You’ve seen it, you’ve heard of it, you’ve dealt with it: Momnesia—that period of memory lapses and fuzzy thinking that follow giving birth.
A bunch of neurologists who study postpartum moms have discovered what anyone who’s ever pushed out a baby can tell you: babies cause you to lose your mind and everything that goes with it—your car keys, your wallet, your shoes and even your other kid.
When my first was 3-months-old, I loaded her into her car seat and drove to the nearest drugstore. I got out of the car, locked it and walked into the store. About 30 seconds later, I realized three things: I’d left the baby in the car, the car was locked, and I didn’t have the car keys. In fact, as I ran back to the car, I realized the engine was still running. The only thing I did right was putting the car in park.
Can you say mommy freak-out? The baby was asleep, thank God, and it was November (i.e., she wasn’t going to die of heat exhaustion within minutes). This was in the days before ubiquitous cell phones. So calling my spouse to tell him I was an idiot who’d just locked his firstborn in a running car, and could he please come bail me out, wasn’t my first option.
I ran back into the store. I told the clerk what happened, trying not to hyperventilate while watching out the window for potential baby snatchers. The clerk reached under the counter and pulled out a rigged coat hanger.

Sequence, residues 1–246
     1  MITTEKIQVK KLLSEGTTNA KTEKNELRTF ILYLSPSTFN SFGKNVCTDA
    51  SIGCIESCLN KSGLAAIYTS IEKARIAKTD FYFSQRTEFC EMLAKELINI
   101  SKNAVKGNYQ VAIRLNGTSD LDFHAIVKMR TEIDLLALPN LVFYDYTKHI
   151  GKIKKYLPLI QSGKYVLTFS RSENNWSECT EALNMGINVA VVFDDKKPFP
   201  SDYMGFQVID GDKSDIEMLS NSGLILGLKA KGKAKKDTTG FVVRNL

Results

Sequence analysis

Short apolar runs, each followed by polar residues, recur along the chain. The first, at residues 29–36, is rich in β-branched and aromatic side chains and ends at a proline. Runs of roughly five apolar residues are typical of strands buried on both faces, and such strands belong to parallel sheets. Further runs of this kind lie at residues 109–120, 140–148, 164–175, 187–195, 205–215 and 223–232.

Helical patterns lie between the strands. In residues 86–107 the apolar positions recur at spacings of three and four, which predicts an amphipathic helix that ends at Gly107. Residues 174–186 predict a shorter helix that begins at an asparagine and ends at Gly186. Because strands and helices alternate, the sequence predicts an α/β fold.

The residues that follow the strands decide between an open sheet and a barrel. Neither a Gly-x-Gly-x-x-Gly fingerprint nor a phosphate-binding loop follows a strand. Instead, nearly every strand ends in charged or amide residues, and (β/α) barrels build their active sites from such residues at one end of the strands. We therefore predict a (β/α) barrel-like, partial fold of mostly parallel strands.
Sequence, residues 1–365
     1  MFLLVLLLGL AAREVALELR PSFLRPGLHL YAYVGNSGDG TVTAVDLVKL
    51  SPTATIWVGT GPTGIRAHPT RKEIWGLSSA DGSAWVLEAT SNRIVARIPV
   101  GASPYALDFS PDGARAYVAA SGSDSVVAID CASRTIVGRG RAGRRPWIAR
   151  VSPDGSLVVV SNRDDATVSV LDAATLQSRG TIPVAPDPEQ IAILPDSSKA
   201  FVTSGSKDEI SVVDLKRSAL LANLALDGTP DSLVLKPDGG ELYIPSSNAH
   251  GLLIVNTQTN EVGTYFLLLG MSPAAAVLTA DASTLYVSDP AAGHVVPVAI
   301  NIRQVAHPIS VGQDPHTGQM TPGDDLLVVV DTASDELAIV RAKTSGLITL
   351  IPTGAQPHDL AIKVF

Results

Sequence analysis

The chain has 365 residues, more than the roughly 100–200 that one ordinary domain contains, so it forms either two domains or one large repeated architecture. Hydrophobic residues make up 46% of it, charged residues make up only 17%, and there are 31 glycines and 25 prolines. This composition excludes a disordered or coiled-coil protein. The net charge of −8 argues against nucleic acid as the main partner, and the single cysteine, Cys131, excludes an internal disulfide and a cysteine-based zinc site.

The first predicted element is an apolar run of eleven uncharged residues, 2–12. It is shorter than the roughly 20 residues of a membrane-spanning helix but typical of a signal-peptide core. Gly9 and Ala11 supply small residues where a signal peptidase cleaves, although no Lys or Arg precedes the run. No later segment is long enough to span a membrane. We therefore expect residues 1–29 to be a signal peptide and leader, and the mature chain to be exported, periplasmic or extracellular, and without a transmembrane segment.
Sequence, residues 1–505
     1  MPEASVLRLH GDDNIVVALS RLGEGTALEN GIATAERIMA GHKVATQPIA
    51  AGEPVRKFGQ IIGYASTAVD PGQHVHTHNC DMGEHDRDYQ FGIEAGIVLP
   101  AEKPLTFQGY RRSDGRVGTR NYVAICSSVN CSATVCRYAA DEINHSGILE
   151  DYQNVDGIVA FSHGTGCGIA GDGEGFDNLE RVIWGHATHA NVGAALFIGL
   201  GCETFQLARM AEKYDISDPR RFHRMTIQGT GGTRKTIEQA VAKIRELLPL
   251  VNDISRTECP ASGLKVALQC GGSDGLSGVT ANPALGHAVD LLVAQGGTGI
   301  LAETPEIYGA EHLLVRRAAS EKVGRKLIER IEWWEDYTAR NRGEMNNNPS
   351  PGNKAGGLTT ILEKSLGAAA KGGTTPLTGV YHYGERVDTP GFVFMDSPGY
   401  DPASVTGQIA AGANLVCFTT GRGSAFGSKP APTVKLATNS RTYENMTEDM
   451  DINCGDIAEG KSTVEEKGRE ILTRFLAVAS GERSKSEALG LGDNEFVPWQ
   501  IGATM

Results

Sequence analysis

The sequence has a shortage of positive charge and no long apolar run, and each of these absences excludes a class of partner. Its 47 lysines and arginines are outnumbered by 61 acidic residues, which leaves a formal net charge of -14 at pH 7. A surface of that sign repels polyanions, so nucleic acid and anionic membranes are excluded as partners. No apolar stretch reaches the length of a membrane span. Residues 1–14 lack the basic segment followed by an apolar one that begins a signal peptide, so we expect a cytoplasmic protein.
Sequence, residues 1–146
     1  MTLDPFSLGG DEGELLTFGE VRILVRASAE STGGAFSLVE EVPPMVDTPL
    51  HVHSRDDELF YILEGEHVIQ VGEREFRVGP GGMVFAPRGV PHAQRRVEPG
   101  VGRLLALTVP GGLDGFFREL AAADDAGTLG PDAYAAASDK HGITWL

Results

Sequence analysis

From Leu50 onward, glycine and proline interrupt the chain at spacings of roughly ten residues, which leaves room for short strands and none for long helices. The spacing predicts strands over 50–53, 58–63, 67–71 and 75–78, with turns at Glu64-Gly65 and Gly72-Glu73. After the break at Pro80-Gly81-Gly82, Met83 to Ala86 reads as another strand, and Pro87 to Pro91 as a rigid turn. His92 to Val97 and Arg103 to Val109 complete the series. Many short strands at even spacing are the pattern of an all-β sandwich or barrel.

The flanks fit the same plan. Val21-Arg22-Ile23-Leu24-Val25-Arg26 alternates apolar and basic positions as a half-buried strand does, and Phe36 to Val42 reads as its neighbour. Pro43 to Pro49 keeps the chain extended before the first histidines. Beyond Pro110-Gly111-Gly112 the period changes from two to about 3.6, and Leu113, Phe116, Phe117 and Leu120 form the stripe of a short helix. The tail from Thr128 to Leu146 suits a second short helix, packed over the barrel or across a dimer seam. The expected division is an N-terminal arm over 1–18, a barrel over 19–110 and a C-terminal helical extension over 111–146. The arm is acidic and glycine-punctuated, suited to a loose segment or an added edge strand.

“Happens all the time,” he said. “Well, not with the baby and the engine running, but …”
My circa 1986 Honda Accord was amenable to being jimmied with a coat hanger, so my baby was only in the car by herself for a few minutes. Those minutes were not as excruciatingly long as the ones when we lost our 4-year-old son in the Atlanta airport (another column one day), but they were none-the-less longer, by far, than your typical 60 seconds.
While Momnesia can be dangerous (see above), scientists say there’s actually a biological benefit to losing one’s mind. Basically, new moms use every ounce of available brain power making sure their offspring survive. Your brain can handle only so much at a time. When you’re learning (or relearning) how to take care of a newborn, it’s difficult to focus on other complex learning, or remember where you left your car keys. All your energy, like it or not, has been taken over by the biological imperative of protecting the next generation. Many pediatricians will tell you that they trust a mother’s instincts about whether or not there is something wrong with her baby, regardless of that baby’s symptoms.
Enviro-spouse was always amazed that, even though I couldn’t tell him what I’d had for lunch on a given day, I could recite the baby’s exact eating, sleeping and pooping schedule going back several days. I could describe the consistency, weight and number of wet diapers. I knew exactly how many times she nursed, how many minutes she slept and how often she made eye contact with the cat. I couldn’t remember my husband’s birthday, but I knew exactly when our baby next needed to eat.
The good news is that, as the baby grows older and stops needing around-the-clock care, and the birthing hormones stabilize, Momnesia fades. A pediatric cardiologist once told me it takes about four years after giving birth for the brain’s connections to return to normal. Although I suspect that, like my hip joints, my brain won’t ever quite be the same.
But that’s OK. Now I have two kids who often remember what I don’t. Like not to leave them locked in the car with the engine running.